I haven’t had time to come up with any of my own activities for the Winter Olympics. But I’ve found some nice worksheets and reading cards on other sites that I thought I’d share.
I really like the materials over on Lehrmittelperlen (you must subscribe to obtain access to their materials – about $20 per year).
Other reading cards about the various sports can be found at Fächerübergreifend leicht gemacht.
KinderSuppe has a variety of materials and activities (search “Olympische Winterspiele”). You have to subscribe to obtain access to most of their materials, however they do offer some things for free:
- Olympic Rings: Print out the page to color the Olympic rings. They suggest using paint and cotton swabs to color them in! There are two versions: one with a colored dot to indicate the ring colors; one with the color word spelled in the ring.
- Summer or Winter? This activity has children sorting cards of various sports into summer and winter sport.
What are you doing to learn about the Winter Olympics in German?
Earlier this month, I wrote a post about making Lego flags during the Olympics. Froggy not only enjoyed making the flags, but he was eager for me to create instructions for all the flags he made!
Once we got the hang of it, the basic striped flags were really easy. The hardest part was finding enough pieces in all the colors. We also managed to create some flags with plus-shapes, like Switzerland, Sweden, and Finland.
The flags are a great opportunity to practice geography and colors. But as I was creating the instructions, I realized you could also turn this into a math game. For the striped flags, we made them 12 across and 2 rows for each stripe. Challenge your little one to see how many ways s/he can make the row of 12 using pieces in different sizes! Froggy already made a change to the Germany flag, making it with just 15 pieces.
Or you can follow our patterns (click to download the PDF files):
Here are 8 of the 10 flags. Froggy is going to rebuild France & Austria!
I decided to make a set of vocabulary cards to go with the Summer Olympics. I found a cute set of clip-art for making the cards. But they provided me with a somewhat unusual set of words, in my opinion! That is to say, I’m not sure these are the 8 sports I would have selected. But it’s still a nice introduction.
I looked up the official titles of the Olympic sports and thought some were a little long or complicated. So I made the decision to use simpler, more common names, where I could. For example, track & field is known as Leichtathletik, but I used Laufen instead. I realize this word does not begin to cover all the different events in track & field. But since we are still working on very basic vocabulary, I thought this made sense.
Included in the set are cards that have images with words, just images, and just words. You can use these cards to print full-size for vocab posters. Or you can print them 6-to-a-page on heavy cardstock to use for games such as Memory or Go Fish.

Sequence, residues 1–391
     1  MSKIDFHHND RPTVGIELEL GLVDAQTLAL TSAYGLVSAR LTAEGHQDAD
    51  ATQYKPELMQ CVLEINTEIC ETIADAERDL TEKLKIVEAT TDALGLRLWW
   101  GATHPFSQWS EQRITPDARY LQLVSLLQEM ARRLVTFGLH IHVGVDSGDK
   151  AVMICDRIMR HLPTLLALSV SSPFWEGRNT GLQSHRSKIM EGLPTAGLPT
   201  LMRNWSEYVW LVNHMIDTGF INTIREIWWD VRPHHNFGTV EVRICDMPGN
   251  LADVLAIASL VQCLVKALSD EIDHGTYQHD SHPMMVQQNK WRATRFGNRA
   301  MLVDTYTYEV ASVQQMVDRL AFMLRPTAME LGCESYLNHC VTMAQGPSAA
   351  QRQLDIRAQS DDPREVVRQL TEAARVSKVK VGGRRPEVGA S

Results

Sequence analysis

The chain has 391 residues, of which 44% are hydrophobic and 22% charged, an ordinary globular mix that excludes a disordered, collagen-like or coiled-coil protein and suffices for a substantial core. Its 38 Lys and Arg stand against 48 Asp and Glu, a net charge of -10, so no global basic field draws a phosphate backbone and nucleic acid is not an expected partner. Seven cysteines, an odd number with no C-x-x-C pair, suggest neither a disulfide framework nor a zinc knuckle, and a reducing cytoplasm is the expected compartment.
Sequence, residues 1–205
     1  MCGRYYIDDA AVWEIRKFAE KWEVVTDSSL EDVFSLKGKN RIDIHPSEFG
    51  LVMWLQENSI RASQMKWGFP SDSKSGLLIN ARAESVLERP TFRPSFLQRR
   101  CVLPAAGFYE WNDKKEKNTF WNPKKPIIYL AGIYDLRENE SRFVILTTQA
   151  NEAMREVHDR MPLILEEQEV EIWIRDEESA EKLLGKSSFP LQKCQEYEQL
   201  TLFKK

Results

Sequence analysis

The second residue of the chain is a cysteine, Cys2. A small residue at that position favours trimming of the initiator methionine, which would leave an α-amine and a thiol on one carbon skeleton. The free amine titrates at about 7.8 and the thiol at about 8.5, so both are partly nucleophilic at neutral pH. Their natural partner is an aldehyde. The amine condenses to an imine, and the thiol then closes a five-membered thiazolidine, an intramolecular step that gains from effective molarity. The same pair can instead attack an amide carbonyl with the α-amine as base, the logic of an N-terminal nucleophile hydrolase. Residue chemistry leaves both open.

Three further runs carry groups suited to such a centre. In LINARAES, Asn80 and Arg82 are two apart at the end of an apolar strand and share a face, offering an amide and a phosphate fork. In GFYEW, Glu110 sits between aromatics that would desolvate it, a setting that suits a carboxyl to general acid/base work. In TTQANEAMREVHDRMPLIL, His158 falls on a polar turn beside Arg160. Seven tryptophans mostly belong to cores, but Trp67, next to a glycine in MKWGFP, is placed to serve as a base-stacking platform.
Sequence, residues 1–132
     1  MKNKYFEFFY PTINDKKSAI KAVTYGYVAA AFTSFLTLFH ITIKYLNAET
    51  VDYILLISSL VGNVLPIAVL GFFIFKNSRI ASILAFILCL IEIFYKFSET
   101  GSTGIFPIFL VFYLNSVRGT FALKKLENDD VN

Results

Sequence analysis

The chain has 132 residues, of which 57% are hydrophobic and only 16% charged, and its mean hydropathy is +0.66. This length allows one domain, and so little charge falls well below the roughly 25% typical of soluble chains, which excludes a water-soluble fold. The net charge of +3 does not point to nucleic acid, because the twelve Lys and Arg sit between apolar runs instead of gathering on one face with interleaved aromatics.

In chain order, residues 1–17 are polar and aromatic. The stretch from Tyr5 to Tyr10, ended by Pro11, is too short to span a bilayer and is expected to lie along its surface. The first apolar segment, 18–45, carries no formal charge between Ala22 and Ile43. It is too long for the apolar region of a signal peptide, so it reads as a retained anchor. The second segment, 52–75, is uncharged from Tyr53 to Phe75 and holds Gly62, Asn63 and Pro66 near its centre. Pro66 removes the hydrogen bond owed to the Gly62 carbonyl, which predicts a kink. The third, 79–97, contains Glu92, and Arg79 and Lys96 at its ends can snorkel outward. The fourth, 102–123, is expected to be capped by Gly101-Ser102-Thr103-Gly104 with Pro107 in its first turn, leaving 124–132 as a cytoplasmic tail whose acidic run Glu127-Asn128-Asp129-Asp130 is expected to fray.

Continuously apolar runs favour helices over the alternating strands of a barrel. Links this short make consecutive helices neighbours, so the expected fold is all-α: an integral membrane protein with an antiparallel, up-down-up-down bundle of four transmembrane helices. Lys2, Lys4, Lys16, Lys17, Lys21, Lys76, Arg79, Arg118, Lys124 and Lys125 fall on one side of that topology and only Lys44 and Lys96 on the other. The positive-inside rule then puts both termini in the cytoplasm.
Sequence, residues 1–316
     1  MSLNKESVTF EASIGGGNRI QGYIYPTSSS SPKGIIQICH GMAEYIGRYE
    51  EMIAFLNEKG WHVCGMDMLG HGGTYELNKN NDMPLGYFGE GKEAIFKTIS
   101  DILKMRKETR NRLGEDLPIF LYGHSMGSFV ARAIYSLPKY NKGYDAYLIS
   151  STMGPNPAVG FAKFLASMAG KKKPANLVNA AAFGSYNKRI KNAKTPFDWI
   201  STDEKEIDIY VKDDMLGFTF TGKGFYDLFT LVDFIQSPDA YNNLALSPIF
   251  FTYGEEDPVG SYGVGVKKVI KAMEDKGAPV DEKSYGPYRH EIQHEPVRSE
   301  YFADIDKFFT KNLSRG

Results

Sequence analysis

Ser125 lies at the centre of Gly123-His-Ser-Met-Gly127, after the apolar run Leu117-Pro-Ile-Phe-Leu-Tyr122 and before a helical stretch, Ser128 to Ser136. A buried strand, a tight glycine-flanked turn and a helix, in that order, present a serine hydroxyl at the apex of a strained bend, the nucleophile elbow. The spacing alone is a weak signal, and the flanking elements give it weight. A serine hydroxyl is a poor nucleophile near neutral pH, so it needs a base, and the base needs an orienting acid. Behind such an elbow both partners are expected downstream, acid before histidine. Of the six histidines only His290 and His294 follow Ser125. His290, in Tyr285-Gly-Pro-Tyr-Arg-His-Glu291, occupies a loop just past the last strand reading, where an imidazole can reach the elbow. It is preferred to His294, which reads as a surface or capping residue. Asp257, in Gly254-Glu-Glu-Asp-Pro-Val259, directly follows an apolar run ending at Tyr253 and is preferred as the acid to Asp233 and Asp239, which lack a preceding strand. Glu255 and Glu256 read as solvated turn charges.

I’m also trying something new! I made a set of cards with the images plus jumbled letters. But then some of the words are so long, that the jumble looked way too complicated! So I made one more set with jumbled letter groups. Use these cards for spelling and writing practice. For independent work, children can use the cards with images and words to self-check their work.
Vocabulary words included:
- das Schwimmen
- das Bogenschießen
- das Reiten
- das Laufen
- das Gewichtheben
- das Turnen
- der Stabhochsprung
- der Fußball
Download the PDF file here: Olympische Sommerspiele (PDF)
If you’re enjoying this site, I’d love to hear from you! Please let me know how you’re using the materials and if you have any ideas for improvements! Thanks 😉
The Summer Olympics are upon us! I don’t watch a lot of sports, but I always love the Olympics. I suddenly find myself watching sporting events that normally hold little interest for me. There’s just something so exciting about it all! And I love the way it brings countries together.
It’s also a great opportunity for the boys to learn about both sports and the world!
The other day, I was inspired by Froggy. He’s so into Legos these days. And he came up to my office asking for some flag pictures, so that he could make them out of Legos. What a great idea!!
I found these images of national flags on Kindersuppe.de. It’s a great website with all kinds of useful documents and activities in German. (There is a fee to use the site: € 35,88 per year.) Then Froggy and I got busy collecting Lego pieces, especially red ones 🙂 I’m not much of a Lego-builder, myself, but I really go into with him! Of course, some of the flags would be really hard! We stuck mainly to the striped ones. Although Froggy made a great Swedish flag, and I managed to make a decent Swiss flag. Stay tuned for instructions on how to make your own Lego flags!